Scaling Theory and the Classification of Phase Transitions

R. Hilfer

Mod. Phys. Lett. B 6, 773 (1992)

submitted on
Monday, May 11, 1992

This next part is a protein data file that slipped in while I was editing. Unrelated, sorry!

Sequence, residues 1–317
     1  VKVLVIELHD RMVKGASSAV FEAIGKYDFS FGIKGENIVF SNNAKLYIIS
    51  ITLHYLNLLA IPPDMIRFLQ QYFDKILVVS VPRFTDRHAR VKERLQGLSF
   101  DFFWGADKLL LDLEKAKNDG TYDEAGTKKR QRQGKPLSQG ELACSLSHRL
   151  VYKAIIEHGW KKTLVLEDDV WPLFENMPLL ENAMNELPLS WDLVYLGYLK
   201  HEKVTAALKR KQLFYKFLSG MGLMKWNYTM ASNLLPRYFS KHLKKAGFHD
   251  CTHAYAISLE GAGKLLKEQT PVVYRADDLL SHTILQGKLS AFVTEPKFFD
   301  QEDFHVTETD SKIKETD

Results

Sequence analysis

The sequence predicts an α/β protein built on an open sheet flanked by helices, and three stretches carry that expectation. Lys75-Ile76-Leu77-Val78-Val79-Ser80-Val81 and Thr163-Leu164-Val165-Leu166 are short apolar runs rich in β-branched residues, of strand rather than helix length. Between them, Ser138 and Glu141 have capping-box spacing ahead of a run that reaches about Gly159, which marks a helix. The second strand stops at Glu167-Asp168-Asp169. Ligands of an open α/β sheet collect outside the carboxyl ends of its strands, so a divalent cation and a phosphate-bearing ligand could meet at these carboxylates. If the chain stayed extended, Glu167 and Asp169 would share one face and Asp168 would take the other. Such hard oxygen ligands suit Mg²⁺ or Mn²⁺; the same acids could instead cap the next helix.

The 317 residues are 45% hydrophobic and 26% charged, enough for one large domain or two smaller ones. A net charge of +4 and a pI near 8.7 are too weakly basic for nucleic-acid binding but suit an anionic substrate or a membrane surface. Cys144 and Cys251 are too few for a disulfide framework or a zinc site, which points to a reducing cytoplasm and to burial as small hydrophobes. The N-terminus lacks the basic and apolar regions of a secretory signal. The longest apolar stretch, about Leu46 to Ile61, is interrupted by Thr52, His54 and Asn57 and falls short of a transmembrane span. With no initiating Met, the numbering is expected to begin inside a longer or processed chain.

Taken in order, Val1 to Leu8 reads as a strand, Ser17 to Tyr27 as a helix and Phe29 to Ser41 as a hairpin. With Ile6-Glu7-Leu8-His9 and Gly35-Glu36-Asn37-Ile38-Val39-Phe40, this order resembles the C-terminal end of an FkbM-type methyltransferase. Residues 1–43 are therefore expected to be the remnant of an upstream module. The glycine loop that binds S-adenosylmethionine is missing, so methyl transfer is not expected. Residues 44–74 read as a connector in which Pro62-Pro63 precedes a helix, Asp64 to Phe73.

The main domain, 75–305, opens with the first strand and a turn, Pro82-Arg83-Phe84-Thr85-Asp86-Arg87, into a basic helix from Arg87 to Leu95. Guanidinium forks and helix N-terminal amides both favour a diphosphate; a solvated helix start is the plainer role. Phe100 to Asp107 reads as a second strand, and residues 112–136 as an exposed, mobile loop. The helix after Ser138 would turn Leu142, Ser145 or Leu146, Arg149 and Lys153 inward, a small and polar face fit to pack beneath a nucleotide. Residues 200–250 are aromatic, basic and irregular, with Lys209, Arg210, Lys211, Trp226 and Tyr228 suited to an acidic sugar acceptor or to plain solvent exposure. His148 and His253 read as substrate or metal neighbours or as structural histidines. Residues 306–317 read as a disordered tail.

The recent classification theory for phase transitions (R. Hilfer, Physica Scripta 44, 321 (1991)) and its relation with the foundations of statistical physics is reviewed. First it is outlined how Ehrenfests classification scheme can be generalized into a general thermodynamic classification theory for phase transitions. The classification theory implies scaling and multiscaling thereby eliminating the need to postulate the scaling hypothesis as a fourth law of thermodynamics. The new classification has also led to the discovery and distinction of nonequilibrium transitions within equilibrium statistical physics. Nonequilibrium phase transitions are distinguished from equilibrium transitions by orders less than unity and by the fact that equilibrium thermodynamics and statistical mechanics become inapplicable at the critical point. The latter fact requires a change in the Gibbs assumption underlying the canonical and grandcanonical ensembles in order to recover the thermodynamic description in the critical limit.

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